6. Perfect paws

Your cat’s soft velvety paw pads ensure that he can walk silently while stalking his prey. As he walks, his back paws step almost exactly into the same place as the front paws, which also helps keep noise down and limits any visible tracks he leaves. Also aiding stealth is his ability to retract his claws, only extending them when needed.

While his claws are an asset in helping him climb trees, when it comes to getting down again, it can be a different matter. If he tries to come down face first, those claws that helped him on the way up are now facing the wrong way and can’t help to anchor him. In order to descend safely, he has to come down backwards, tail end first. It’s not as easy as it sounds and often makes for a slow, anxious return to the ground. Some cats naturally seem to work it out, but not all do, or they may be afraid to try it, which is why some get stuck in trees and have to be rescued.

Three species of forest dwelling wildcats have, however, cracked the problem. Margay, Clouded leopards, and Marbled cats have evolved the ability to rotate their rear ankles 180 degrees so that like squirrels, coming down head first isn’t an issue.

7. Animal athletes

Cats are supreme athletes! While the cheetah may hold the world record for being the fastest land animal, able to clock up speeds of up to 75mph (120kph), a domestic kitty is no slouch either. Of course, some are speedier than others. Athletic breeds such as the Bengal and Egyptian Mau are natural born sprinters and can achieve speeds of up to 30mph (48kph). And that’s not all, a cat can jump up to 5 — 6 times its own height in a single bound.

8. Unique nose

Your cat has a highly developed sense of smell and like his whiskers, he has possessed it since birth! Each kitten can not only distinguish the smell of their mother but can locate the nipple by scent. Most even have a preferred nipple to nurse on.

A cat’s sense of smell is comparable with that of many dogs, with around 200 million scent receptors in the nasal cavity, compared to a paltry five million for humans. Because cats don’t have many taste buds, it means that smell is more important than flavour when it comes to dinner time. What’s more, that cute little button nose is also completely unique to your kitty, with its own pattern of bumps and ridges; just like human fingerprints, no two are the same.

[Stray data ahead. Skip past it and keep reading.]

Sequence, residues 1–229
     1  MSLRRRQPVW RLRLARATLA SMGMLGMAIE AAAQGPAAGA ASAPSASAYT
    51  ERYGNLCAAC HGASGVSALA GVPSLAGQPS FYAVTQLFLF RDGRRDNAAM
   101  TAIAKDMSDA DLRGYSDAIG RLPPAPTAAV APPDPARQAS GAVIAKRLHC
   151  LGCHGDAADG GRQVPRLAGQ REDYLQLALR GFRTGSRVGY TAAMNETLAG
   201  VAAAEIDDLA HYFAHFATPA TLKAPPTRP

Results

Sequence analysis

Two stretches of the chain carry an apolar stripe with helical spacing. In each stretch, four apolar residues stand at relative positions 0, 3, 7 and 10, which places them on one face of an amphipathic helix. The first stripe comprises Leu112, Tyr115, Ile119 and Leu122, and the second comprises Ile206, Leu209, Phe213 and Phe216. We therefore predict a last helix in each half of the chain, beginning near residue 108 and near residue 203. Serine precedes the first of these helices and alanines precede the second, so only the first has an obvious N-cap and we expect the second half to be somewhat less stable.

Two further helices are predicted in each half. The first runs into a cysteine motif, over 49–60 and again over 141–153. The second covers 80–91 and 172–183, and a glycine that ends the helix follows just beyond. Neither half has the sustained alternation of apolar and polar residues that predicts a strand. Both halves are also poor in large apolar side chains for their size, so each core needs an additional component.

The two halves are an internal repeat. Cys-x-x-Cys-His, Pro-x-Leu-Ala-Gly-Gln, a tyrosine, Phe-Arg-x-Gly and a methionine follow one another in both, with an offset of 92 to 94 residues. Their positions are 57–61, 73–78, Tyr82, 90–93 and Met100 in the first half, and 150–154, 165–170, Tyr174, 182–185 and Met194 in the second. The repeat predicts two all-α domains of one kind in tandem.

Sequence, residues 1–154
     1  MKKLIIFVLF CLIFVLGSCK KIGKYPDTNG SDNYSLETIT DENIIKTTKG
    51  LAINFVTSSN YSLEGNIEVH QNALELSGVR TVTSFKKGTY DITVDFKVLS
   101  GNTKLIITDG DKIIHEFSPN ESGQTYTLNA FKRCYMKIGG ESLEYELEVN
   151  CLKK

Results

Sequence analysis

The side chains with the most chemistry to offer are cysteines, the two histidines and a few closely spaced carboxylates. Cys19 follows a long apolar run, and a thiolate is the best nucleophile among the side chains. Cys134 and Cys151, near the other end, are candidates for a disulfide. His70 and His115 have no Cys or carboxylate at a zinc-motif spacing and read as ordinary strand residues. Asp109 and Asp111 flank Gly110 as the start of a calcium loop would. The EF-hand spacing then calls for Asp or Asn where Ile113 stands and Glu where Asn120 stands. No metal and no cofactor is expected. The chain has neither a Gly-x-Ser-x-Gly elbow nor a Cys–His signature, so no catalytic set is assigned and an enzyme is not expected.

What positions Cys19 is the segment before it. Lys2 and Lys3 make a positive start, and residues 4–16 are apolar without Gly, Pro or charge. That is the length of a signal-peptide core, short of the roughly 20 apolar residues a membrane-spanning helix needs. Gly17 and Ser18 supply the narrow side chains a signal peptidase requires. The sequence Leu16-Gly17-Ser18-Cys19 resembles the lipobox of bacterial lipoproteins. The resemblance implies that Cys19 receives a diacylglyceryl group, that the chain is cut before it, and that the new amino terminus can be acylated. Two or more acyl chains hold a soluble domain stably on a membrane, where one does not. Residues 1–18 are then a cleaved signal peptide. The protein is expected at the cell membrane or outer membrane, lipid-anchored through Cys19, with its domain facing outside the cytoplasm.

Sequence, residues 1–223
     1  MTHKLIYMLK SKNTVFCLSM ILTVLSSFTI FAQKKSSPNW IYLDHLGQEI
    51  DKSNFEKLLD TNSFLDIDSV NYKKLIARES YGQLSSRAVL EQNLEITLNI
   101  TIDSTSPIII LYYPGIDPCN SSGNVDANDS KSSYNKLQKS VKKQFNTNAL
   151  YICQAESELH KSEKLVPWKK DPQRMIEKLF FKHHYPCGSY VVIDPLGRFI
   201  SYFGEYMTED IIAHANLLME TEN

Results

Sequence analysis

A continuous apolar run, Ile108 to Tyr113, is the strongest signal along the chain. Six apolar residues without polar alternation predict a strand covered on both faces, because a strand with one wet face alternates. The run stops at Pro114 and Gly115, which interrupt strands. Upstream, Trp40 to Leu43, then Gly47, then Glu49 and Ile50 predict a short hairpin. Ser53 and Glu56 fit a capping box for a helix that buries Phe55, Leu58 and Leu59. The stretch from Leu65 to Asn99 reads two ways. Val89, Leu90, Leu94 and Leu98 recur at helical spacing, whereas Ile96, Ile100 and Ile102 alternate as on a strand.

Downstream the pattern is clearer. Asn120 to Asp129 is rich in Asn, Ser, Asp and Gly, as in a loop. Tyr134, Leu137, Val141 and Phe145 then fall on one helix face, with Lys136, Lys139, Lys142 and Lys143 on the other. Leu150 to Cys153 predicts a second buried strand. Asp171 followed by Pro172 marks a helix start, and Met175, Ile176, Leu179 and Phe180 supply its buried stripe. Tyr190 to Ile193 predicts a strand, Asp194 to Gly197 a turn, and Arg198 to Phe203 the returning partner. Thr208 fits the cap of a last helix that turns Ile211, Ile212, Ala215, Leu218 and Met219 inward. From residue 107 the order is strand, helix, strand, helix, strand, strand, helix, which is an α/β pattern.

9. Amazing ears

While humans have a mere six ear muscles controlling the outer ear, your cat has an amazing 32 muscles which enable him to independently move his ears 180 degrees in opposite directions. This makes it possible for him to hear sounds all round his head without having to move it (very useful for a hunter), as well as to accurately pinpoint the location of a noise.

10. Cats eyes

As a nocturnal predator, your cat needs to make the most of all available light. One of the features of his eyes which helps to do this is the Tapetum lucidum, a specialised layer of cells which act like a mirror, reflecting light back on to the retina and increasing night vision.

You can see this if you take a photo of your cat using a flash, or catch him in a beam of torchlight at night — it almost appears as if his eyes are spookily glowing in the dark. It is this property which led to the invention in 1934 by Yorkshireman Percy Shaw of the reflective road studs often referred to as ‘cats eyes.’ His inspiration came while driving around a tight bend on an unlit road one night — his headlights were reflected back at him by the eyes of a cat sitting on a fence, which supposedly saved his life. If it hadn’t been there, he would have veered off the road and down a steep drop.

Did you know?

  • The first photographs to show the cat righting reflex in action were taken by French physiologist Etienne-Jules Marey in 1894.
  • When a cat chases its prey, its head stays level, unlike a dog’s which bobs up and down
  • Like us, cats can detect salty, sour, bitter, and umami tastes but unlike humans, they can’t taste sweet things. They do, however, have an extra sense of taste which we lack, of adensine phosphate (ATP), a compound found in meat.
  • The record for the loudest purr is 67.8 decibels — that’s louder than a dishwasher and nearly as loud as a vacuum! Most cats purr at around 25dB.
  • Although some kitties go mad for it, around half the world’s cats don’t respond to catnip; sensitivity to the aromatic herb is hereditary.
  • Your cat’s acuity of hearing is pretty good too. When staff in a Dutch embassy in Moscow noticed that the resident cats kept meowing and clawing at the walls, they assumed it was a mouse problem. But when they investigated, it turned out that the cats were hearing microphones hidden by spies being turned on.